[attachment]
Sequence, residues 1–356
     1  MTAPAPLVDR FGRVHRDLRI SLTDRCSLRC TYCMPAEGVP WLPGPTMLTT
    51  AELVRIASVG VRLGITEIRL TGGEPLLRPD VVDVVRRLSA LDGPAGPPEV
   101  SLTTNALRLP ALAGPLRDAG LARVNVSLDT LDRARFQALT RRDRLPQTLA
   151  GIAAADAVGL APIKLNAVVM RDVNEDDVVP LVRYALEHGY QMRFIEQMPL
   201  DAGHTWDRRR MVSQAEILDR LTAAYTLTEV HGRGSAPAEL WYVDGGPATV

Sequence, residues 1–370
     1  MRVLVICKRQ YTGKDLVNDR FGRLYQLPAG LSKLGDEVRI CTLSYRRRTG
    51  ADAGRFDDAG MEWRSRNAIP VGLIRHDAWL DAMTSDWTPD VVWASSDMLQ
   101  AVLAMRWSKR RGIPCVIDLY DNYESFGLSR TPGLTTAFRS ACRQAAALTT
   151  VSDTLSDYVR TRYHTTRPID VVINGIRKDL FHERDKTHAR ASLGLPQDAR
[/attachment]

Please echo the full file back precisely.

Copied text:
Sequence, residues 1–356
     1  MTAPAPLVDR FGRVHRDLRI SLTDRCSLRC TYCMPAEGVP WLPGPTMLTT
    51  AELVRIASVG VRLGITEIRL TGGEPLLRPD VVDVVRRLSA LDGPAGPPEV
   101  SLTTNALRLP ALAGPLRDAG LARVNVSLDT LDRARFQALT RRDRLPQTLA
   151  GIAAADAVGL APIKLNAVVM RDVNEDDVVP LVRYALEHGY QMRFIEQMPL
   201  DAGHTWDRRR MVSQAEILDR LTAAYTLTEV HGRGSAPAEL WYVDGGPATV

Sequence, residues 1–370
     1  MRVLVICKRQ YTGKDLVNDR FGRLYQLPAG LSKLGDEVRI CTLSYRRRTG
    51  ADAGRFDDAG MEWRSRNAIP VGLIRHDAWL DAMTSDWTPD VVWASSDMLQ
   101  AVLAMRWSKR RGIPCVIDLY DNYESFGLSR TPGLTTAFRS ACRQAAALTT
   151  VSDTLSDYVR TRYHTTRPID VVINGIRKDL FHERDKTHAR ASLGLPQDAR